Dexamethasone insert reduces time spent planning cataract surgery, counselling patients


Dr Lisa Nijm discusses how utilising a dexamethasone intracanalicular insert after cataract surgery saves time for practices.

Dr Lisa Nijm reports that use of a dexamethasone intracanalicular insert (Dextenza, Ocular Therapeutix) after cataract surgery saves a practice up to 40 hours when compared to a standard postoperative drop routine.

In addition to saving practices time and energy, use of Dextenza increased patient compliance and reduce treatment burden as fewer postoperative counselling sessions were required.

Video transcript

Dr Lisa Nijm: My research that I presented today focuses on utilising a dexamethasone intracanalicular insert to assess whether there's time saved on patient callbacks and surgery planning.

For this study, we collected user experience and feedback on utilising Dextenza for cataract surgery patients compared to using standard postoperative drops.

There were 19 practices in total; they performed an average of 160 cataract surgeries per week when we looked across the practices. And for the study, they had to perform at least 10 cataract surgeries utilising Dextenza.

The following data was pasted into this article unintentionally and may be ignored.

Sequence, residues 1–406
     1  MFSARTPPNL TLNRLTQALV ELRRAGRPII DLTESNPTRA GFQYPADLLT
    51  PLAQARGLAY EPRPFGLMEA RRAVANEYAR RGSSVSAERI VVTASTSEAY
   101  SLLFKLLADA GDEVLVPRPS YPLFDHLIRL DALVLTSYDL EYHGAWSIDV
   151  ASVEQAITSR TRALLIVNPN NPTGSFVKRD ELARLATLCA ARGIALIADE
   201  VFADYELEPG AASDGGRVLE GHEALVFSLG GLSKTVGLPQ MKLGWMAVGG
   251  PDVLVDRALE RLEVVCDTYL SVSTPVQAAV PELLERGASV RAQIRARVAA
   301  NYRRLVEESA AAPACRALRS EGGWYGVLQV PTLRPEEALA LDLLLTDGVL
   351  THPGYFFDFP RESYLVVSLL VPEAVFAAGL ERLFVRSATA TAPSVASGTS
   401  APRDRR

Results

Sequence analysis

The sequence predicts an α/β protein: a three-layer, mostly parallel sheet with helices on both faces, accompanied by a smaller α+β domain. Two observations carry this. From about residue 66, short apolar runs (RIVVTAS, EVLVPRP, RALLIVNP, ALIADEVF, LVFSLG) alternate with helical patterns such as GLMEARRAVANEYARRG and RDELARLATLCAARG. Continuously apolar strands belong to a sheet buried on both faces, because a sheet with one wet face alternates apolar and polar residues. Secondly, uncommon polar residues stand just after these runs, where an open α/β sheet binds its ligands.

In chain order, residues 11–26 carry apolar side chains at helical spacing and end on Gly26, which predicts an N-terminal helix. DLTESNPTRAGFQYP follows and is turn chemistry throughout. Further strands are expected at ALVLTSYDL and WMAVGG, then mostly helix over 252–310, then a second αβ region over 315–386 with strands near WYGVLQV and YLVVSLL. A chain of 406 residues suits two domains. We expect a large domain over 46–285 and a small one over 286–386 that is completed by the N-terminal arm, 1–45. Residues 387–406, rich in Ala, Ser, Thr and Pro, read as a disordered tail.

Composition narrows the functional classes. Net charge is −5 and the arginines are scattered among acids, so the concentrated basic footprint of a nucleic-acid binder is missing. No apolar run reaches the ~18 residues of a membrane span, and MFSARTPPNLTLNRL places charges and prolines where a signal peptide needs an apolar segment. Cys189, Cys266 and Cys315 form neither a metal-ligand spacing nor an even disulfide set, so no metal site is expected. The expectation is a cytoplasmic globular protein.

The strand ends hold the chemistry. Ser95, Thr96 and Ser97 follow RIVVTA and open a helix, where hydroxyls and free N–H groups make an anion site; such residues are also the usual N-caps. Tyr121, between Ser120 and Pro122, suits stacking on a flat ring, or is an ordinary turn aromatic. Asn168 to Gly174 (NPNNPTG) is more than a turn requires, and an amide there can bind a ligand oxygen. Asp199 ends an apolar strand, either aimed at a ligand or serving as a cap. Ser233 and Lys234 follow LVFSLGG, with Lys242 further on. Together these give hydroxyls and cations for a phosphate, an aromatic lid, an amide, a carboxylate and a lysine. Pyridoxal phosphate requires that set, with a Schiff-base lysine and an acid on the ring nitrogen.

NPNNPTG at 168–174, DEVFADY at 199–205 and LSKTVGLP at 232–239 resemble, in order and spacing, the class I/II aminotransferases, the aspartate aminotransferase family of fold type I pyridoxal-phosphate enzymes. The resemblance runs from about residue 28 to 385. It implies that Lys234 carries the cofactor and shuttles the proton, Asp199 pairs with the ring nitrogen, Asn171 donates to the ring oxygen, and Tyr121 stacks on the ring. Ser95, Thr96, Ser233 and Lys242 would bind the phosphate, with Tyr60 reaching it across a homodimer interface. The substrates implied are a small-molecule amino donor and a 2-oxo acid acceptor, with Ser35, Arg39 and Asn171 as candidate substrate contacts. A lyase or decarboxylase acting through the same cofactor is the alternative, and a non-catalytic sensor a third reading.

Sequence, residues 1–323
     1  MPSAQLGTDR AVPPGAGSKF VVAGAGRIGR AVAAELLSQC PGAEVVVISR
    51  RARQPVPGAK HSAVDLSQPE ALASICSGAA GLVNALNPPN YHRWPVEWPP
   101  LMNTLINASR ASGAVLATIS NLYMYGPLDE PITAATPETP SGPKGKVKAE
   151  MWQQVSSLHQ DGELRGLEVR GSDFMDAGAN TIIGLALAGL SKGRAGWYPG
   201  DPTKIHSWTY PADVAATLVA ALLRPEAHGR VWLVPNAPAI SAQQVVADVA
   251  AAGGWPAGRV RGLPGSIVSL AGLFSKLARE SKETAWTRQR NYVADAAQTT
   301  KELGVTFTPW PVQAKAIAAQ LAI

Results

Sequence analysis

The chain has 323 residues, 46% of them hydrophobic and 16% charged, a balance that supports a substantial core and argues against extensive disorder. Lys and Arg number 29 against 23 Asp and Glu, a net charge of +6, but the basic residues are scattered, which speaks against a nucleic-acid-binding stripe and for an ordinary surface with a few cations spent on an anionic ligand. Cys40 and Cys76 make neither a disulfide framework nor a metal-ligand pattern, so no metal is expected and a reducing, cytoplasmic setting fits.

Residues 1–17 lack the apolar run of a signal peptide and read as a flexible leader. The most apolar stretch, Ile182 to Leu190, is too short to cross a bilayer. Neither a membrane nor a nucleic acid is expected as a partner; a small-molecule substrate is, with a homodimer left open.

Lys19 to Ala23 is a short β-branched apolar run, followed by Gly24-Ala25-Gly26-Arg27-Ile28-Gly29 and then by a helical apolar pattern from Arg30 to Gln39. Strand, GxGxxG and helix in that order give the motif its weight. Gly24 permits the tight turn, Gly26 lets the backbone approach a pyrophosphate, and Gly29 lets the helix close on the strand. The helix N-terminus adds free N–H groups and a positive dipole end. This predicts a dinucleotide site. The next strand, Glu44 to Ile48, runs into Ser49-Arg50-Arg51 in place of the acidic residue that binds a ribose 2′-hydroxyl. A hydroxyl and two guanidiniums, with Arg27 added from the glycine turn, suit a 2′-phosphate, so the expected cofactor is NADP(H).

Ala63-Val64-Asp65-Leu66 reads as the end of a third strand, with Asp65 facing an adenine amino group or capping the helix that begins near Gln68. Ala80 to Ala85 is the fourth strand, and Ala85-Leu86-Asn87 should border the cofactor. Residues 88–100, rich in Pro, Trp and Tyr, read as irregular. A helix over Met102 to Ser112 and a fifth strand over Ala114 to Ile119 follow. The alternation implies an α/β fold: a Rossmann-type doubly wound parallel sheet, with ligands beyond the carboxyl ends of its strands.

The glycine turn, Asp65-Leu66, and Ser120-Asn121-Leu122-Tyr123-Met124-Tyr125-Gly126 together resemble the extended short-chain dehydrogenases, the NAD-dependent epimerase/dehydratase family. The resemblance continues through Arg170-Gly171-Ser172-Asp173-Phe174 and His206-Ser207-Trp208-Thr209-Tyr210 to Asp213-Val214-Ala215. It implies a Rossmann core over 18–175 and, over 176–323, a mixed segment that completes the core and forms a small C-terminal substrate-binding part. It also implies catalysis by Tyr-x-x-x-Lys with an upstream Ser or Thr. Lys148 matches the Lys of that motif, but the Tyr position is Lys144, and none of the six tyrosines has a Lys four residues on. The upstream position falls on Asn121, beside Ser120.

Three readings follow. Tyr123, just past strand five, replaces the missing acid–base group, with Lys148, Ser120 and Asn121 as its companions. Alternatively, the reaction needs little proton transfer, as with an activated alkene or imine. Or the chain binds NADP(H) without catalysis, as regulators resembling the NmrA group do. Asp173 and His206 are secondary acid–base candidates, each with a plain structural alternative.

In analysing the data from the study, were able to see that by utilising Dextenza, staff saved 45% time counselling postoperative patients when utilising Dextenza compared to standard drops. This translated to about 15.5 minutes per patient. And when you looked overall, we're over 40 hours, staff hours, per week, so it is equivalent of one full-time staff per week that was saved by utilising Dextenza.

In addition, the satisfaction rate among the staff was very high for utilising Dextenza, with 95% of staff reporting positive feedback in utilising Dextenza versus conventional drops.

So in conclusion, I think that the results of this study show the benefits to practice of utilising a postoperative steroid regime like Dextenza for a practice to be able to time save and really translate into practical benefits for the practice, where they are not spending as much time counselling patients postoperatively using drops, as well as decreasing the overall burden or expense on the practice and ensuring compliance with patients. Thank you very much.

Note: This transcript has been lighlty edited for clarity.

Related Videos
Diana Do, MD, Professor of Ophthalmology, Byers Eye Institute, Stanford University, discusses the PHOTON study results as presented AAO
Penny A Asbell, MD, FACS speaks at the 2023 AAO meeting
Dr Mary Elizabeth Hartnett speaks with David Hutton of Ophthalmology Times
Esen K. Akpek, MD, Professor at the Wilmer Eye Institute, Johns Hopkins University School of Medicine, converses via zoom with David Hutton of Ophthalmology Times
© 2024 MJH Life Sciences

All rights reserved.